‘GIS has to get integrated into enterprise information systems’

‘GIS has to get integrated into enterprise information systems’

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Kuala Lumpur, Malaysia: Businesses need enterprise decision support system with geospatial-enabled analysis. For that, GIS has to get integrated into enterprise information systems rather than trying to exist on its own. These were the views coming out of the session on Enterprise GIS held on the second day of the Asia Geospatial Forum 2013 here on Wednesday.

Speaking on Google’s enterprise solutions in location business, Pankaj Khushani, Head of Geospatial (Asia), Google, said traditional GIS systems are not easy to use and the reason why Google Maps and Google Earth have been successful is because they are easy to use. “Location as an industry has grown phenomenally in the last 5-6 years and Google is investing millions of dollars in location business.” He also gave a few examples of how companies and even organisations like Red Cross are using maps as part of their workflows to make their jobs easier and more effective, saving money and lives in the process. “Maps let you take a peak at what is going to happen tomorrow and it can help us prepare for the future,” he said, adding there are over a million apps using Google Maps and more than 50% of the traffic to Google Maps came via these apps.

Kam Tin Seong, Faculty Head, SMU-SAS Advanced Analytics Lab, School of Information Systems, Singapore Management University (SMU), during his presentation dispelled the myth that GIS is special. “GIS can’t exist as something special. GIS has to get into the business environment,” he said, adding that what matters ultimately to businesses are not beautiful maps, but RoI and charts and graphs showing key performance indicators. Businesses need spatial data mining techniques and GIS data needs to be inserted into enterprise data to create something informative. Seong pointed out that in the education field too, geospatial analytics for business intelligence is moving away from conventional GIS education. He added that unlike traditional GIS courses where they talk about only coordinates and GIS layers etc, SMU is designing courses that cater to a wide spectrum of business intelligence and data mining techniques.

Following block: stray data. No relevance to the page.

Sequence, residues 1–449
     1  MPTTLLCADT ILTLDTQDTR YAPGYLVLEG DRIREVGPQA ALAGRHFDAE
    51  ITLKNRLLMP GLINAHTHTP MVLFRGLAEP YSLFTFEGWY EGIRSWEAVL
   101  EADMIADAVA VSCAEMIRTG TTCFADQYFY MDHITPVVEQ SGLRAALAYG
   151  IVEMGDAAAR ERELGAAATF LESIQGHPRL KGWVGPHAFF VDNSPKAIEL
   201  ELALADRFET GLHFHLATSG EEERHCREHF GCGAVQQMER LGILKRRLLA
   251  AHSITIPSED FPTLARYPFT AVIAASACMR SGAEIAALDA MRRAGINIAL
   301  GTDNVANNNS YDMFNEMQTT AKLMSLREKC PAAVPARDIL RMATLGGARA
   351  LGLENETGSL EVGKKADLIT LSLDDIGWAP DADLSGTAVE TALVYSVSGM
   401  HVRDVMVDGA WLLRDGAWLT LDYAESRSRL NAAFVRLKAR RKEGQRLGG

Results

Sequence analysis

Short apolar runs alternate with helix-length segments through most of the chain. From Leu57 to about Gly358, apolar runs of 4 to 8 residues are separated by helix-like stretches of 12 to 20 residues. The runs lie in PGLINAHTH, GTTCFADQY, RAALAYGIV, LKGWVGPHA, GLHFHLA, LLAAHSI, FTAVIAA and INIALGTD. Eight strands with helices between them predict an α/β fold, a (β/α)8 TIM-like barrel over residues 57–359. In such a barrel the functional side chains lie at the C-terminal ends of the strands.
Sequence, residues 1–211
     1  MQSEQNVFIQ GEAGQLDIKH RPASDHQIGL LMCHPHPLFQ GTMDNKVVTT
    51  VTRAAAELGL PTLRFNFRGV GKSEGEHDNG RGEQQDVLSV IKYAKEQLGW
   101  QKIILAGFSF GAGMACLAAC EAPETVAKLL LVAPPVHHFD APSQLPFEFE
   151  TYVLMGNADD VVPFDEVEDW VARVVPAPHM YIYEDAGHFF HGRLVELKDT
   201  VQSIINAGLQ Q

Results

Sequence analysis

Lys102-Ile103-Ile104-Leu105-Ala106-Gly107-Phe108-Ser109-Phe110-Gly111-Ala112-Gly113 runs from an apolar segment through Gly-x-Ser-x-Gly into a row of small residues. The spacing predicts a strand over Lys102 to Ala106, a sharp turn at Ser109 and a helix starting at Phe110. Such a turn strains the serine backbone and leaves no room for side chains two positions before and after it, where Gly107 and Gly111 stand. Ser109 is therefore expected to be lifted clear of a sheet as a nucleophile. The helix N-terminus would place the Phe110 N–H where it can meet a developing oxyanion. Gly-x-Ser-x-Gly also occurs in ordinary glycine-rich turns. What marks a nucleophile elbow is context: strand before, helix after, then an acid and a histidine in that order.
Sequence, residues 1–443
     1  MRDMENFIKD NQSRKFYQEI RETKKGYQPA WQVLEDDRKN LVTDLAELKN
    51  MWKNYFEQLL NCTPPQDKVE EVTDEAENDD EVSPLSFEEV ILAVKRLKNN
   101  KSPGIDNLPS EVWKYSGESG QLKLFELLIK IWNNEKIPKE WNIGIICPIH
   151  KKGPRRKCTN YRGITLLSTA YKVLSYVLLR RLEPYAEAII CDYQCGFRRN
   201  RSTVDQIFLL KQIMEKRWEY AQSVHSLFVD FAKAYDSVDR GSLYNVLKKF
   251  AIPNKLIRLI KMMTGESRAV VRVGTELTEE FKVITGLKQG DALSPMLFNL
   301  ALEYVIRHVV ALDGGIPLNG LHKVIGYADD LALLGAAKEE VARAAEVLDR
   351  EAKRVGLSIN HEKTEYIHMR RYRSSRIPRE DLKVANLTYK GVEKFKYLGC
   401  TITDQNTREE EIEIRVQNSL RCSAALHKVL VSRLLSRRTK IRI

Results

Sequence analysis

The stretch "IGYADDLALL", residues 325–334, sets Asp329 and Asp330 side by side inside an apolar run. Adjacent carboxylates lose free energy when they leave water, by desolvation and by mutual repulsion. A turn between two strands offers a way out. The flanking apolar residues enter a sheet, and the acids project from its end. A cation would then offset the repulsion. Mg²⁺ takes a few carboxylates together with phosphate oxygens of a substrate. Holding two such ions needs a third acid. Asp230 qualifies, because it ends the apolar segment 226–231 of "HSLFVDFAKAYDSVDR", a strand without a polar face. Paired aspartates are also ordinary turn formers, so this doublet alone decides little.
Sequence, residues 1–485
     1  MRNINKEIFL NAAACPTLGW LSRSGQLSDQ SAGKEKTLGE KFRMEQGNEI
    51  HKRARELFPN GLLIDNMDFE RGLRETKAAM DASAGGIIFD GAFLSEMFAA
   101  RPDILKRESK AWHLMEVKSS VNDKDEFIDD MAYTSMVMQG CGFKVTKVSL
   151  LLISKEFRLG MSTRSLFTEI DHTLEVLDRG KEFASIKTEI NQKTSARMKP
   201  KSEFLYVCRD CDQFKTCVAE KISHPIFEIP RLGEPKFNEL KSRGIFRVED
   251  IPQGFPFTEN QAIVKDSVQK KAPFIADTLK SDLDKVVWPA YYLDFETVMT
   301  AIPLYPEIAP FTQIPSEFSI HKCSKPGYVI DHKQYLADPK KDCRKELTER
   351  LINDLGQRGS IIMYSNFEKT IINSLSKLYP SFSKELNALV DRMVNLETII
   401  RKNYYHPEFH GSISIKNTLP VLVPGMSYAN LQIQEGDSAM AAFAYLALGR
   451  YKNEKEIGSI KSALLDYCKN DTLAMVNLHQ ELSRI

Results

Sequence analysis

Echoing similar sentiments, Brad Skelton, Chief Technology Strategist, Intergraph SG&I, demonstrated how various Hexagon companies work in cohesion to create seamless solutions for businesses in a wide array of areas such as Public Safety, Infrastructure, and agriculture. “Today it is not sufficient to think of GIS in isolation. Enterprise solutions need an integration of sensors, data collection, organisational analytics, and integration and interoperability,” he said. Giving live examples of total geospatial solutions, he said the city of Sao Paulo reduced ambulance response time by over 72% using Intergraph solutions. Similarly, it helps Virginia Beach share critical information within seconds instead of hours; while it helps Encor Electric correct outages even before customers get to know about them.

Suresh A. Shanmugam, Head, Mahindra & Mahindra Financial, India, outlined how GIS can step out of its conventional role and integrate with other data to create solutions for the banking and finance sector. “Geospatial combined with business trends and behaviour patterns gives you an insight into consumer minds,” he said as he laid out the extensive use of geospatial data by Mahindra Finance in rural India.

Source: Our Correspondent